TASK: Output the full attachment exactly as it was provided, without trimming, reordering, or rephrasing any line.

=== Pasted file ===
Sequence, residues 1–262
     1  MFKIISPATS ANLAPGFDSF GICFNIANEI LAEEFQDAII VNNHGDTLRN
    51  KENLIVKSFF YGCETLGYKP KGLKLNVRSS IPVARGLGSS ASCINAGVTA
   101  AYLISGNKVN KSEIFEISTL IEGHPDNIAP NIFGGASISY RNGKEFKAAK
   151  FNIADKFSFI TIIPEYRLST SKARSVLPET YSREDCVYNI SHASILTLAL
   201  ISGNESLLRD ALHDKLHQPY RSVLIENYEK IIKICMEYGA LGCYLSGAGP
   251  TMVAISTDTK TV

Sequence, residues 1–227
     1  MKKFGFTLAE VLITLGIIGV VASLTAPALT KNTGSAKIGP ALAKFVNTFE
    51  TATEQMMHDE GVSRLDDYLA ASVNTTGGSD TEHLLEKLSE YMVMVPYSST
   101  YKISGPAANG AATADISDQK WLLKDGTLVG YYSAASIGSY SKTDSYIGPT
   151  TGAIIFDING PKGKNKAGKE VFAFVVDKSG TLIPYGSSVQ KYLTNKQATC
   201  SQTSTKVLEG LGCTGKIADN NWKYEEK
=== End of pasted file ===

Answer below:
Sequence, residues 1–262
     1  MFKIISPATS ANLAPGFDSF GICFNIANEI LAEEFQDAII VNNHGDTLRN
    51  KENLIVKSFF YGCETLGYKP KGLKLNVRSS IPVARGLGSS ASCINAGVTA
   101  AYLISGNKVN KSEIFEISTL IEGHPDNIAP NIFGGASISY RNGKEFKAAK
   151  FNIADKFSFI TIIPEYRLST SKARSVLPET YSREDCVYNI SHASILTLAL
   201  ISGNESLLRD ALHDKLHQPY RSVLIENYEK IIKICMEYGA LGCYLSGAGP
   251  TMVAISTDTK TV

Sequence, residues 1–227
     1  MKKFGFTLAE VLITLGIIGV VASLTAPALT KNTGSAKIGP ALAKFVNTFE
    51  TATEQMMHDE GVSRLDDYLA ASVNTTGGSD TEHLLEKLSE YMVMVPYSST
   101  YKISGPAANG AATADISDQK WLLKDGTLVG YYSAASIGSY SKTDSYIGPT
   151  TGAIIFDING PKGKNKAGKE VFAFVVDKSG TLIPYGSSVQ KYLTNKQATC
   201  SQTSTKVLEG LGCTGKIADN NWKYEEK